Two years ago, the Michigan Education Association collected signatures from teachers at a school in Birmingham. The teachers wanted the
union to represent them in labor talks, but this was no ordinary union activity. The school in question was Brother Rice High School, which is Roman
Catholic, and none of Michigan's Catholic schools is unionized.
The issue became a legal dispute when the school objected to
the MEA’s representing its employees. Last week, the Michigan Court of Appeals
weighed in on the case, holding that labor unions cannot organize teachers at
Catholic schools in Michigan. The decision is an important setback for the MEA in its efforts to extend its influence and income.
The MEA had in fact received a sufficient number of signatures
from teachers at Brother Rice High School to allow an election to determine
whether it would become the teachers’ exclusive bargaining representative (a
union gains this power when more than half of the employees voting agree to unionize). The MEA then petitioned the Michigan Employment Relations Commission to set the
Brother Rice, in turn, asserted that the formation of a
teachers union violated its First Amendment rights under the U.S. Constitution,
suggesting that the union’s presence at Brother Rice would compromise its
religious mission. The school also argued that the election was not appropriate
under Michigan law. Nevertheless, the state Employment Relations Commission scheduled the election, which the Court of
Appeals then postponed while it considered the case.
In the court's ruling in Michigan Education Association v. Christian Brothers
Institute of Michigan, the judges' opinion initially noted that religion
permeates the educational experience at Brother Rice. It realized that
substantial First Amendment concerns would be involved if the MEA were allowed
to unionize the teachers, although it did not rule on that specific issue.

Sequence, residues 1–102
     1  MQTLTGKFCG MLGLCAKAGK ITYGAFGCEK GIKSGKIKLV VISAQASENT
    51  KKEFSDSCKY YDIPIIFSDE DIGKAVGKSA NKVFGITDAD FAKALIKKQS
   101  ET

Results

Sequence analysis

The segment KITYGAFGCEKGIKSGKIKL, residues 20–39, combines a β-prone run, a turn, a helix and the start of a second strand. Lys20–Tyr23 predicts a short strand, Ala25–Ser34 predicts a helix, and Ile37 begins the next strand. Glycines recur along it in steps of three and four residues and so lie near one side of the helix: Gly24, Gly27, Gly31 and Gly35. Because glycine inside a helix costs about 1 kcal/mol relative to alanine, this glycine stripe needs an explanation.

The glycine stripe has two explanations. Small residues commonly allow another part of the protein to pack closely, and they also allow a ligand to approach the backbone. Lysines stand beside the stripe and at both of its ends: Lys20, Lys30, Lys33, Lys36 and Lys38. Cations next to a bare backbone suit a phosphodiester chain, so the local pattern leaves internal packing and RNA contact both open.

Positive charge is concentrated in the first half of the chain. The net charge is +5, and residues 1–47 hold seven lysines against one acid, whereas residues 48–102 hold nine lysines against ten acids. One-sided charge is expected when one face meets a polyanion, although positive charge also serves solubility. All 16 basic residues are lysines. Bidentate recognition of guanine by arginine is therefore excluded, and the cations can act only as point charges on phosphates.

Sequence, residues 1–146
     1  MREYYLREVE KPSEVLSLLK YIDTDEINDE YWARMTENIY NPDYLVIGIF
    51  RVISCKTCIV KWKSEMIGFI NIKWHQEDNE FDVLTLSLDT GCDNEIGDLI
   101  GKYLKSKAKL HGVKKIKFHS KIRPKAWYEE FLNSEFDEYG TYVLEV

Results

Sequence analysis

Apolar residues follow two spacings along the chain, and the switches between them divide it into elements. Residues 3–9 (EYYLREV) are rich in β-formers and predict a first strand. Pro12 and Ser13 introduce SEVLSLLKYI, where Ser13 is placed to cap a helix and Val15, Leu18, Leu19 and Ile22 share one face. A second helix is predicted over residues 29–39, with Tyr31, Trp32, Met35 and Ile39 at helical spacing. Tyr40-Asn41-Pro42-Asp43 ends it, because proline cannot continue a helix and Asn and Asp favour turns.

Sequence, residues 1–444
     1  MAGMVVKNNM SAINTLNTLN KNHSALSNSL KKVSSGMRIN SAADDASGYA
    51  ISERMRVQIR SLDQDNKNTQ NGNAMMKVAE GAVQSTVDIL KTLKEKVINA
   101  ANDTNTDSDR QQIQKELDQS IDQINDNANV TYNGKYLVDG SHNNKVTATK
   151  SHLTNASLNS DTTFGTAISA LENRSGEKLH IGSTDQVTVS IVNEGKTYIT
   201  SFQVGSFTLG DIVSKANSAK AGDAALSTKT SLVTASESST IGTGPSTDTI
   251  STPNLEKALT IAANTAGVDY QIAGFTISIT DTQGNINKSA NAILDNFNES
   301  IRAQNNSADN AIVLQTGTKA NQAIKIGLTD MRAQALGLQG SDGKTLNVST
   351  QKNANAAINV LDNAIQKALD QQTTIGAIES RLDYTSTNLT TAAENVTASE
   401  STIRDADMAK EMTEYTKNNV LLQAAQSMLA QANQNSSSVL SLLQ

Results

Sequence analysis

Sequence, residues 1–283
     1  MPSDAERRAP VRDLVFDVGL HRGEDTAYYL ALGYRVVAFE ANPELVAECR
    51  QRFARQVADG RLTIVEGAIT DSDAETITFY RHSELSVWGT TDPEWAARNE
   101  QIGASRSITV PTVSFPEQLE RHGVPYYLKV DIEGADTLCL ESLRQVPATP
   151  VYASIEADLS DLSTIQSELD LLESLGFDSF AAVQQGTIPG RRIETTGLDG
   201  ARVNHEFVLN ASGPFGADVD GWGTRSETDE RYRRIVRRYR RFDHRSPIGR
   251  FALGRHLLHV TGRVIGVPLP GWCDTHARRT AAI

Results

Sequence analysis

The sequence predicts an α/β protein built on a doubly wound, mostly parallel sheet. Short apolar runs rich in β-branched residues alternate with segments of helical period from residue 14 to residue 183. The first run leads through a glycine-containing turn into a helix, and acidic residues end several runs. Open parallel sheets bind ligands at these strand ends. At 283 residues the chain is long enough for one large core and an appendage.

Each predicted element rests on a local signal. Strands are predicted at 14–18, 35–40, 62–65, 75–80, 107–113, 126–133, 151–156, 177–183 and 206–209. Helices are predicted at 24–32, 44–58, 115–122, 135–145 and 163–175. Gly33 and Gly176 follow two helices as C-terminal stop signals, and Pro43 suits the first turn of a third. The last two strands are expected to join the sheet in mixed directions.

Instead, the court simply held that Michigan’s labor law was
similar to federal labor law. Since the United States Supreme Court had decided
in National Labor Relations Board v. Catholic Bishop of Chicago that federal
labor law prevented Catholic school teachers from being unionized, the state
Court of Appeals concluded that the rationale in the Catholic Bishop ruling was persuasive in
this case, as well.
The Court of Appeals’ opinion maintains the status quo, given
that before this lawsuit, there were no teachers unions in Michigan’s Catholic
schools. Nevertheless, this is a big loss for the MEA unless the decision is
overruled by the Michigan Supreme Court.
The union cannot now attempt to generate more dues by
unionizing Catholic school teachers. Almost all public school teachers are
already represented by either the MEA or the Detroit Federation of Teachers, and the
Catholic schools were seen as a remaining potential source of revenue.
The ruling also has important implications for the state’s
Catholic schools. If the MEA had been able to establish a foothold in their labor negotiations, it would likely have driven up employee costs, forcing at least some of
the schools, which generally operate on a bare-bones budget, to close. Ultimately, the Court of Appeals' ruling recognized religious education’s unique place in our society, and it has thereby prevented serious harm.
Patrick J. Wright is senior legal analyst at the Mackinac
Center for Public Policy, a research and educational institute headquartered in
Midland, Mich. Permission to reprint in whole or in part is hereby granted,
provided that the author and the Center are properly cited.